Set in a cast, high-polished 14KT yellow gold radiating setting, this hand-made pendant features a genuine silver ancient Roman denarius of the Empress Julia Domna. The Empress is shown in her earlier years with her signature hair style and in the historical 'prime' of her life. The reverse shows the Roman goddess of VESTA seated on a throne. Vesta was the patron goddess of hearth, home and domestic Roman life. The unique setting shows a circular design meant to represent a hearth, framing the profile of Julia Domna. This design signifies the Sacred Hearth of Vesta. The rich luster of the silver denarius coin contrasts well with the warm 14KY gold and makes for an unforgettable piece of jewelry.
All temples of Vesta were round and a hearth with a sacred fire that was continuously kept burning, was to show association with the common Roman home. Since Vesta was goddess of the hearth, she was also the patron goddess of the bakers of the city and, as the donkey turned the millstone to grind the wheat for the bread, the animal became closely associated with the goddess, as well. She is also frequently depicted holding a kettle (a symbol of the hearth) and also cut flowers (symbolizing domesticity). Like the goddess Bastet in Egyptian belief, Vesta was of special service to women but was popular with both sexes. She was the proctectress of Rome in that she cared for and maintained the homes of each of its citizens. The importance of Vesta to ancient Roman religion was exemplified by the establishment of the Vestal Virgins, the only Roman college ever established of full-time priests.
*** Chain is not included but may be purchased additionally, at the link below
GUARANTEE: ALL PURCHASES ACCOMPANIED WITH A WRITTEN GUARANTEE OF AUTHENTICITY
SETTING: 14KT YELLOW GOLD
COIN: SILVER DENARIUS
COIN AGE: 203 A.D.
DIMENSIONS: .9" or 23 mm overall diameter
:::: Includes Gift Box
:::: Includes CERTIFICATE OF AUTHENTICITY / HISTORY SHEET
Julia Domna was one of the most powerful people in the Roman Empire during the period from A.D. 193 to 217. While her emperor husband, Septimius Severus, was fighting rivals, pursuing rebels, and subduing revolts in the far corners of the empire, Julia Domna was left to administer the vast Roman Empire. She proved to be an able administrator, playing one powerful general or senator against another, while keeping herself from falling into the many traps set by political enemies at court. Septimius often sought her advice, as did Caracalla when he ascended the throne after his brother's murder. She was also a patron of the arts and invited the most brilliant philosophers, writers, and other artists in the Roman world to grace her court and keep learning and culture alive in a world that was destined to fall onto chaos within less than a generation.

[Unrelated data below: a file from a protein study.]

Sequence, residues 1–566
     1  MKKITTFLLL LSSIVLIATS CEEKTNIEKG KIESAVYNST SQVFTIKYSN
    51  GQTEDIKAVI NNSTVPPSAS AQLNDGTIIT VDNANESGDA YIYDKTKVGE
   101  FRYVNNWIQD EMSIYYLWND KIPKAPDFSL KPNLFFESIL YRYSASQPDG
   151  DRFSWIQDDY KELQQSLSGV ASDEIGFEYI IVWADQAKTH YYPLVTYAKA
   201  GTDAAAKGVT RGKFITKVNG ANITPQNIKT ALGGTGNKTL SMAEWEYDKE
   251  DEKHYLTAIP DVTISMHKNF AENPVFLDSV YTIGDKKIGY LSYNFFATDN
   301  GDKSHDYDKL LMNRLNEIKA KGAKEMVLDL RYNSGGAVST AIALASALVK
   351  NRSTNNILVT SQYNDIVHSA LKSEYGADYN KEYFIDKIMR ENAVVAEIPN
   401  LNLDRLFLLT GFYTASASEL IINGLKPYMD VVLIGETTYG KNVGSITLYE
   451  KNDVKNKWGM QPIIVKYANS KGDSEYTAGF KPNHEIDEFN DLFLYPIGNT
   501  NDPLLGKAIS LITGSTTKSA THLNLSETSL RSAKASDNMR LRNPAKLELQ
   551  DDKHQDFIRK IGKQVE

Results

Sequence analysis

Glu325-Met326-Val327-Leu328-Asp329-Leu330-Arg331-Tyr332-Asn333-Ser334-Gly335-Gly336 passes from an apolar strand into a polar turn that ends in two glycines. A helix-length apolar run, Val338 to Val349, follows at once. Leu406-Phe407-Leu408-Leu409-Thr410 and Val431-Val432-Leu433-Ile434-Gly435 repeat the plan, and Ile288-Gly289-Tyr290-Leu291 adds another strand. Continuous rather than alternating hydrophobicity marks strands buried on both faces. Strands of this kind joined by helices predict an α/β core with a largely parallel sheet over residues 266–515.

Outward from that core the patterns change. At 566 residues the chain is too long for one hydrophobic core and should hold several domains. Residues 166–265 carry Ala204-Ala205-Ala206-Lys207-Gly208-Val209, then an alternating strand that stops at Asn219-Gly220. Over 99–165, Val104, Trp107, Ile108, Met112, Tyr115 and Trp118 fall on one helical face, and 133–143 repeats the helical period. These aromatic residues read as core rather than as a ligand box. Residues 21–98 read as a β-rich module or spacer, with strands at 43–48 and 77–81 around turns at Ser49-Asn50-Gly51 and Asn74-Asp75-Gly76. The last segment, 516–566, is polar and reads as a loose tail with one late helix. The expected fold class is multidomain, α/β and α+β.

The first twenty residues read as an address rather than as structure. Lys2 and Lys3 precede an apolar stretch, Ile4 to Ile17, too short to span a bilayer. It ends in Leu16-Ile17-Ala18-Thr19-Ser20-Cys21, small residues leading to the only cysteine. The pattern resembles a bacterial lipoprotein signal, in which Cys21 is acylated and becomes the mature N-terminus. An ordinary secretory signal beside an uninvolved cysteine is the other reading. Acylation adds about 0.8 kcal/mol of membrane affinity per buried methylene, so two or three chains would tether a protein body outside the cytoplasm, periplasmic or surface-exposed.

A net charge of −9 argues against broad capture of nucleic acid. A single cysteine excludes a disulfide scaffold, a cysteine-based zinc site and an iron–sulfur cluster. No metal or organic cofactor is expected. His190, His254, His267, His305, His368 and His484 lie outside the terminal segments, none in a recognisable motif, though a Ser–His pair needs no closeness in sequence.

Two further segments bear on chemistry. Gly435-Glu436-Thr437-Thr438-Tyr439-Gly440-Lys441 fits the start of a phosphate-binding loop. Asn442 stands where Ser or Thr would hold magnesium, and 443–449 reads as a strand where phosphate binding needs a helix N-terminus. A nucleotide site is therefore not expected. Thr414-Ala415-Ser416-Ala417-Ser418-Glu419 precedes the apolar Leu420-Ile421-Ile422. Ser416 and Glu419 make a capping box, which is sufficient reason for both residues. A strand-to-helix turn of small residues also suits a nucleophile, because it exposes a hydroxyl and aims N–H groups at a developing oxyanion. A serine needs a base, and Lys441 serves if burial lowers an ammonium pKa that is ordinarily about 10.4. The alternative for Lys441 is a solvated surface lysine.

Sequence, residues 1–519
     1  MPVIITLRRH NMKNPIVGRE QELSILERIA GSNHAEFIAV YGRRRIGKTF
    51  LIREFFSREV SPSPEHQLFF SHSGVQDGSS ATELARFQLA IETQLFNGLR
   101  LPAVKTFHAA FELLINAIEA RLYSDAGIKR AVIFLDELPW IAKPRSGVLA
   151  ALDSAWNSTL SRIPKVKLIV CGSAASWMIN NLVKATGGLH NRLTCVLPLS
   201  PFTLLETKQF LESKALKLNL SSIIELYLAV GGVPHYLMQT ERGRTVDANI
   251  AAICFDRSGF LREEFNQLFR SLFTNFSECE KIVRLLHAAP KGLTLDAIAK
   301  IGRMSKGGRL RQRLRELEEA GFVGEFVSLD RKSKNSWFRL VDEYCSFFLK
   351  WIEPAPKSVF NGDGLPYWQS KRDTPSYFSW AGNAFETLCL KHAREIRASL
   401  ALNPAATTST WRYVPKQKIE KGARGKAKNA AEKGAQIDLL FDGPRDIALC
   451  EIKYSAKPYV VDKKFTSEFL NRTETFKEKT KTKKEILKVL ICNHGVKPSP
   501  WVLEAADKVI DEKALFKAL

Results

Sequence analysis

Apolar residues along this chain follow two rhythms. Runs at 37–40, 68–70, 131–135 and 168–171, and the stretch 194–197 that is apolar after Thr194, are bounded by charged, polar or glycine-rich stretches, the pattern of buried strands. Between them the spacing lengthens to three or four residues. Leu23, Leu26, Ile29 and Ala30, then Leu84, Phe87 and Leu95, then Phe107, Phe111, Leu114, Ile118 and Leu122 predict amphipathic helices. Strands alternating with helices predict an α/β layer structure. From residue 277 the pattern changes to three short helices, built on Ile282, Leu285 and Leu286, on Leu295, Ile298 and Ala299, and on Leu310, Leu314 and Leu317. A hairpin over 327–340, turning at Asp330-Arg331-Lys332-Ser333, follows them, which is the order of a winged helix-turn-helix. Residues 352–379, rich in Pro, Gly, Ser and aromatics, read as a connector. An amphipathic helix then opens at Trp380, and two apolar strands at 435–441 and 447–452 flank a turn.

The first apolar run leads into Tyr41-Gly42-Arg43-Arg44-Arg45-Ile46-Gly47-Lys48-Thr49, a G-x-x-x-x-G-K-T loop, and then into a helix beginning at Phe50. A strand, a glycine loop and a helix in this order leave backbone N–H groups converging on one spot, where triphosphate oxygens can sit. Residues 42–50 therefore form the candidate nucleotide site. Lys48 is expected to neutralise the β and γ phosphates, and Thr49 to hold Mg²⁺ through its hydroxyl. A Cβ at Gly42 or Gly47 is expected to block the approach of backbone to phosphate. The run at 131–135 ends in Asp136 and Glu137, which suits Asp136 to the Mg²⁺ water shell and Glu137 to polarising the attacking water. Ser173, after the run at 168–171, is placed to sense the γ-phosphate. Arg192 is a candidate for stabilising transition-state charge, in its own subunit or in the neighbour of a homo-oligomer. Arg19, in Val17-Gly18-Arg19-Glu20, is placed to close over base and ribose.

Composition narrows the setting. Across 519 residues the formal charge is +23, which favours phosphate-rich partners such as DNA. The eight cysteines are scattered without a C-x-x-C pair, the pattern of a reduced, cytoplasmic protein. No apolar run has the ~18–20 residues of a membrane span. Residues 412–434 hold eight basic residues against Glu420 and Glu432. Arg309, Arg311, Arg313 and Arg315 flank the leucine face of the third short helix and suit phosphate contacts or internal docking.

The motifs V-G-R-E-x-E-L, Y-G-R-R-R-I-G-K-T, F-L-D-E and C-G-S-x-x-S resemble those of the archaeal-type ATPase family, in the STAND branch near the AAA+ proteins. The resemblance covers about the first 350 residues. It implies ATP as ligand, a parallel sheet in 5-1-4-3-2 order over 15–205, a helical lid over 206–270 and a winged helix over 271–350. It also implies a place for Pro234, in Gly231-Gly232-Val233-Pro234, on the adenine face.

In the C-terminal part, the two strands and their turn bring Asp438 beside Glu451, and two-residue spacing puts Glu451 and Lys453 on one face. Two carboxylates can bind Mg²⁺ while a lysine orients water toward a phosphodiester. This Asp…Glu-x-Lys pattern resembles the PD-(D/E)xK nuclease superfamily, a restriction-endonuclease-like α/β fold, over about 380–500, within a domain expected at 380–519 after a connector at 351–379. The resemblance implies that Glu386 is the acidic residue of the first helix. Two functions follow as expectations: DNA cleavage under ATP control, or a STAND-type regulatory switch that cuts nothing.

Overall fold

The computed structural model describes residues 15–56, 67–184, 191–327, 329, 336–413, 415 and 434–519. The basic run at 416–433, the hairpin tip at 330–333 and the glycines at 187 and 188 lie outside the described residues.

Julia was a woman who was accustomed to power, but this came to an end after the murder of her son Caracalla in A.D. 217. Hers had also been a life filled with many sorrows. Caracalla had murdered his brother Geta in her private apartments even as the younger son sought protection in Julia's arms. After Macrinus had murdered Caracalla and seized the throne, he sent her away from Antioch after it was reported that Julia was inciting troops to rebel against him. At this time, she was believed to be about fifty years old and was suffering from a painful illness, probably cancer of the breast. Rather than face exile and the humiliation of being reduced to the status of a private citizen, she elected to commit suicide by starving herself.
Even at this later date when the finest of numismatic art belonged to the past, the portraits on her coins accurately depicted her face. On the coins from early in the reign of her husband, we see the face of a strong young woman, but we see a cynical face hardened and lined with age in her later portraits.
This coin of Julia Domna in her youth depicts a beautiful and powerful Julia, minted at what was, most likely, the happiest days of her life. No coin could offer finer detail and preservation as this example.